Friday, June 10, 2016

Public Diplomacy at The Fletcher School of Law and Diplomacy


Dear [Public Diplomacy Council] Colleagues
Below is a response to the message you saw earlier [see] about Public Diplomacy at the Fletcher School

Adam Clayton Powell III
Public Diplomacy Council

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From: Stavridis, James;
Sent: Thursday, June 9, 2016 2:49:50 PM
To: Adam Powell III
Cc: Folkins, Paulette
Subject: Public Diplomacy at The Fletcher School of Law and Diplomacy

Dear Mr. Powell:

I am writing to you in your position as president of the Public Diplomacy Council in hopes that you might post this response for your members.  The online impression has somehow arisen among many of them in recent days that the Fletcher School has abandoned public diplomacy.  Nothing could be further from the truth.  Our activities and research concerning public diplomacy are in fact being expanded to respond to the demands of our students and the global needs of the times.

The Edward R. Murrow Center has been reinvigorated and re-named the Edward R. Murrow Center for a Digital World: Cyber, Media, Public Diplomacy The center historically focused on public diplomacy and on the reporting of foreign affairs.  The new emphasis on digital matters was done to respond to the fundamental change in international relations and public diplomacy caused by the digital information revolution and the emergence of the new dimension of cyberspace.   The U.S. State Department, and governments everywhere, are scrambling to respond.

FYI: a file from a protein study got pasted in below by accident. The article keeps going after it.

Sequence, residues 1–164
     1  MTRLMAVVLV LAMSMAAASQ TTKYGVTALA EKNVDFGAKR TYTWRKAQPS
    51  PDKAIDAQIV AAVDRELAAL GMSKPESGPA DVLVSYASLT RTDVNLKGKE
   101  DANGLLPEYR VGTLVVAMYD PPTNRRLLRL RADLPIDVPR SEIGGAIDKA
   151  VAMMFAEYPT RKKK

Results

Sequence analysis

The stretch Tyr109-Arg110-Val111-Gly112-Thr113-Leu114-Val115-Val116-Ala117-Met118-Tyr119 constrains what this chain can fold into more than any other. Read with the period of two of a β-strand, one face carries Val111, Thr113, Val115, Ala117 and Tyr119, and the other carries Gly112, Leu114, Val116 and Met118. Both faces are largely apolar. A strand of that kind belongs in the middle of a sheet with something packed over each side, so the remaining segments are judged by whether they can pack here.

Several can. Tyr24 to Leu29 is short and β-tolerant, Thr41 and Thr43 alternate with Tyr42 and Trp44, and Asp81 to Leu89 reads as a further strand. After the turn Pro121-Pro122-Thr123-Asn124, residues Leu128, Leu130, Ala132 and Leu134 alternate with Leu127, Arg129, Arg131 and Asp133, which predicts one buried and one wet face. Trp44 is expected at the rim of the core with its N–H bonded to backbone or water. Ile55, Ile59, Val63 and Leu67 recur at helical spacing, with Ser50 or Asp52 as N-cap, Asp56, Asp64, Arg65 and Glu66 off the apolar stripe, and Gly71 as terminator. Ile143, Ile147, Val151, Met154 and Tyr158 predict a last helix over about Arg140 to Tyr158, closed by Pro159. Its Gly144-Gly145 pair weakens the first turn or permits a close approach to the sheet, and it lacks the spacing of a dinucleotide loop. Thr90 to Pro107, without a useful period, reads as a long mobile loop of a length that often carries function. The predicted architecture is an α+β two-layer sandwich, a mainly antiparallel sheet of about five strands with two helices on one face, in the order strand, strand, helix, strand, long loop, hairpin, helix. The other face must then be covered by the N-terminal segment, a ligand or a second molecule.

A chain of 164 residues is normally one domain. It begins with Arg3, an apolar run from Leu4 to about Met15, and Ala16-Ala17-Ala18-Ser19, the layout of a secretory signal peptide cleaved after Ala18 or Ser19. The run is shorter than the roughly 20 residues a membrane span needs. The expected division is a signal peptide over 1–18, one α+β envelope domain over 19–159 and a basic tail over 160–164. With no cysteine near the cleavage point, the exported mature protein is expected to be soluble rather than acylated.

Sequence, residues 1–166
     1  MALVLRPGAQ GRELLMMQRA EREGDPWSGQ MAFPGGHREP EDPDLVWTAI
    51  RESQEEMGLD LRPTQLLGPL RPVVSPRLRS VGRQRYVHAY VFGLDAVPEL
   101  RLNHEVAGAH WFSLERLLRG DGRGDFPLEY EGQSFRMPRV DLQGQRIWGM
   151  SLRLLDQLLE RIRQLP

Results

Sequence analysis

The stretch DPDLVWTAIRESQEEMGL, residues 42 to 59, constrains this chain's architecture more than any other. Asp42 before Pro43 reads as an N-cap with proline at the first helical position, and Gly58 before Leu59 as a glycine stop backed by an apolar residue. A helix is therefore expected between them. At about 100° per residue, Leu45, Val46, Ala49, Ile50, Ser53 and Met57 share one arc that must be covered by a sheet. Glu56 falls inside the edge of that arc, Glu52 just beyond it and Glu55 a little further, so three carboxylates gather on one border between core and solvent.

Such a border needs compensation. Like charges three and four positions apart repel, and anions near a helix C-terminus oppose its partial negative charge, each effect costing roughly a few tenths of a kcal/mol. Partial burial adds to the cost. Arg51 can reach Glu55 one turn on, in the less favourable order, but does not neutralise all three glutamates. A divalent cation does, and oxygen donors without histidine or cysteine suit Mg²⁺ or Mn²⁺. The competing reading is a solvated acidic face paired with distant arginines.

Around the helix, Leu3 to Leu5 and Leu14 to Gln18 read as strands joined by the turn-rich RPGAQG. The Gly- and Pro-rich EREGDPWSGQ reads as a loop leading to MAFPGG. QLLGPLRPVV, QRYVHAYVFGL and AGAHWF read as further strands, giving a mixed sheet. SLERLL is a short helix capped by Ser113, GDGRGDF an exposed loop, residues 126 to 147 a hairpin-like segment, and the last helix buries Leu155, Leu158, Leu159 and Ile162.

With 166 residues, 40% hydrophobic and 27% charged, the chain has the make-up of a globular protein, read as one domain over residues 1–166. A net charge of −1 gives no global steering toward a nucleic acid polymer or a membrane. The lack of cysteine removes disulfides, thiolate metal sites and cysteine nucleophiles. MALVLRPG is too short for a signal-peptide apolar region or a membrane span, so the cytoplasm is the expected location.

It is the mission of the Fletcher School as a thought leader and teaching center to best study how governments should respond.  In doing so, the school is following in the tradition of innovation of Dean Ed Gullion, who coined the term of public diplomacy, and of Edward R. Murrow himself, who helped lead the American media and government into, first, radio, and then television.  Murrow and Gullion led the way for their era.  We are sure that they would agree with what we are doing for ours.

None of this is to say that what we think of as traditional public diplomacy is unimportant.  The cultural, communications and person-to-person missions remain vital, and we teach about them.  But the information environment has changed.  In an increasingly networked world, in which private and public international information flows are so powerful and noisy that the U.S. government struggles to be heard effectively, the lines between what constitutes public and other forms of diplomacy is blurry and presents new challenges.

We have consulted with State Department officials, with alumni and with students over the last year and their resounding message has been that how Fletcher can best contribute to public diplomacy—and to the country’s diplomacy in general—is to draw on our unmatched strengths as an inter-disciplinary school to tackle what is an inter-disciplinary global challenge.  To that end, we have 20 courses highlighted within the Murrow Center site that we invite you to review here.   As with all Fletcher course offerings, these are overseen by Academic Dean Steven Block and the academic committee.